Each sample written in the filled-up output buffer X is then subjected to a low-pass filtering (LPF) operation at step S767 so as to remove high frequency components therefrom. Following this, the output buffer X storing the low-pass filtered waveform is reserved at step S768 as a specific storage area for a waveform to be reproduced next, so that this storage area is reproduced after completion of reproduction of waveforms in the currently reproduced and already reserved storage areas. Then, at step S769, another output buffer than the one so far used as the buffer X is cleared and newly set as the output buffer X for preparing a waveform for the next to-be-reproduced section.

If the current time has not yet arrived at the calculating point as determined at step S763, the tone generating processing ends without the other operations being performed.

FIG. 19 is a flowchart of the waveform forming calculation process (step S78) performed in the note-on, note-off and tone generator processes. For this process, a waveform calculating time range is preset as previously mentioned. Namely, where the present program flow is executed during the MIDI data reception process such as the note-on process, the waveform calculating time range corresponds to the above-mentioned partial waveform, but where the present program flow is executed at step S76 of the tone generating processing, the waveform calculating time range corresponds to the waveform samples for an uncalculated section in the buffer X. Because the calculations are performed in the calculating order determined by the preceding execution of the tone generating processing, no new calculating order across the channels is determined at the time of MIDI data reception. Whenever a new note-on event occurs and is assigned to a specific one of the channels, the specific channel is placed first (given a first turn) in the calculating order and the turn of each of the other channels is moved down by one.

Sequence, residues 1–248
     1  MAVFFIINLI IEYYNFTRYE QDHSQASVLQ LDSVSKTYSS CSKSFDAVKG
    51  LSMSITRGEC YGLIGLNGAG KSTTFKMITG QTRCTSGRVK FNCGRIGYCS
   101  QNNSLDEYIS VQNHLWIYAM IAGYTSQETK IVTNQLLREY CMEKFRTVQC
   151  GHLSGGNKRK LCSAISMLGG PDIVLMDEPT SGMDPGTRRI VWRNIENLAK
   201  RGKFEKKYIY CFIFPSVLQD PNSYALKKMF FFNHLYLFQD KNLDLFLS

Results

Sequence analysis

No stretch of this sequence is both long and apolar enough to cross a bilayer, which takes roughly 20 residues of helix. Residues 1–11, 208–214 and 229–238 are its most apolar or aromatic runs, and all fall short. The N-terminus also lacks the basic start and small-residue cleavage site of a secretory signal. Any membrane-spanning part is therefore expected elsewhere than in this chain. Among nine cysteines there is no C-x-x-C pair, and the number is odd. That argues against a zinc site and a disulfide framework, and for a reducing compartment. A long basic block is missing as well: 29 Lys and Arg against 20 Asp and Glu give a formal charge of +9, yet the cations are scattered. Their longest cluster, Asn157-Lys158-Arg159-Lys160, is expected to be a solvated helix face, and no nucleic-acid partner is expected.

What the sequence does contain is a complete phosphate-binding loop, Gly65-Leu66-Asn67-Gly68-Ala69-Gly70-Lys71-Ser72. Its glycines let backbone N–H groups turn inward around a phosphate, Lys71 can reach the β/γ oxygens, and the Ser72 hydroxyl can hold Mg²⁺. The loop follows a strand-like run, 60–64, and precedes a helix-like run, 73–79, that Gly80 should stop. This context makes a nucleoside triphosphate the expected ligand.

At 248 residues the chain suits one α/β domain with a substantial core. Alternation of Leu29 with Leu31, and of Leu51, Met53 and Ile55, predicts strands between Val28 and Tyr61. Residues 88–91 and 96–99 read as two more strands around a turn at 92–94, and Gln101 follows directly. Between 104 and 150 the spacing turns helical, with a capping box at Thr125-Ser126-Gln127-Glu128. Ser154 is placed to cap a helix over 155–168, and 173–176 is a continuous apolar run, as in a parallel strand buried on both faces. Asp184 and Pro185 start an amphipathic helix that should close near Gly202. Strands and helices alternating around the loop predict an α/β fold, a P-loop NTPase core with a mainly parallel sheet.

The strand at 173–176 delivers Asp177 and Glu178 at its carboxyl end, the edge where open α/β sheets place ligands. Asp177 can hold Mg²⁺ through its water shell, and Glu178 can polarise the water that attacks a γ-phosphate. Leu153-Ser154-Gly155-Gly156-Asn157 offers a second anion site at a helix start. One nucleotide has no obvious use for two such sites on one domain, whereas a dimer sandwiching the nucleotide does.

First, at step S781, calculating preparations are made for a first waveform sample of the channel placed first in the calculating order. The calculating preparations include setting various data such as a last read address, values and states (attack, release, etc.) of various envelopes EG and value of LFO in accessible conditions and loading these data into internal registers of the CPU 101 for immediate use in calculations. Then, at step S782, waveform sample calculations are performed on the LFO, filter G and tone volume EG, so as to form samples of LFO, FEG (filter envelope) and AEG (amplitude envelope) waveforms. The LFO waveform is added to the "F" number, FEG waveform and AEG waveform necessary for calculations of the designated time range, in order to modulate the respective data. For each of the tone generating channels designated as tone deadening channels at step 5765, a damping AEG waveform is calculated as a tone volume EG rapidly decaying within the time range.

Subsequently, at step S783, F number is repetitively added to the last read address used as an initial value, so as to generate read addresses for individual samples within the time range. Also, waveform data are read out from the waveform storage area in the tone color data area on the basis of the integer portion of the read addresses, and an interpolation is made between the read-out waveform samples on the basis of the decimal portion of the read addresses so as to form all interpolated samples within the time range. For example, if the timer range corresponds to a time for 100 samples, 100 samples are formed collectively by the operation of this step. Because, in the operation for the plural samples within the time range, the F number addition corresponding to the read address and interpolation are performed as an integral series of operations, the read address needs to be read into the CPU register only once, so that the processing speed can be substantially increased as a whole.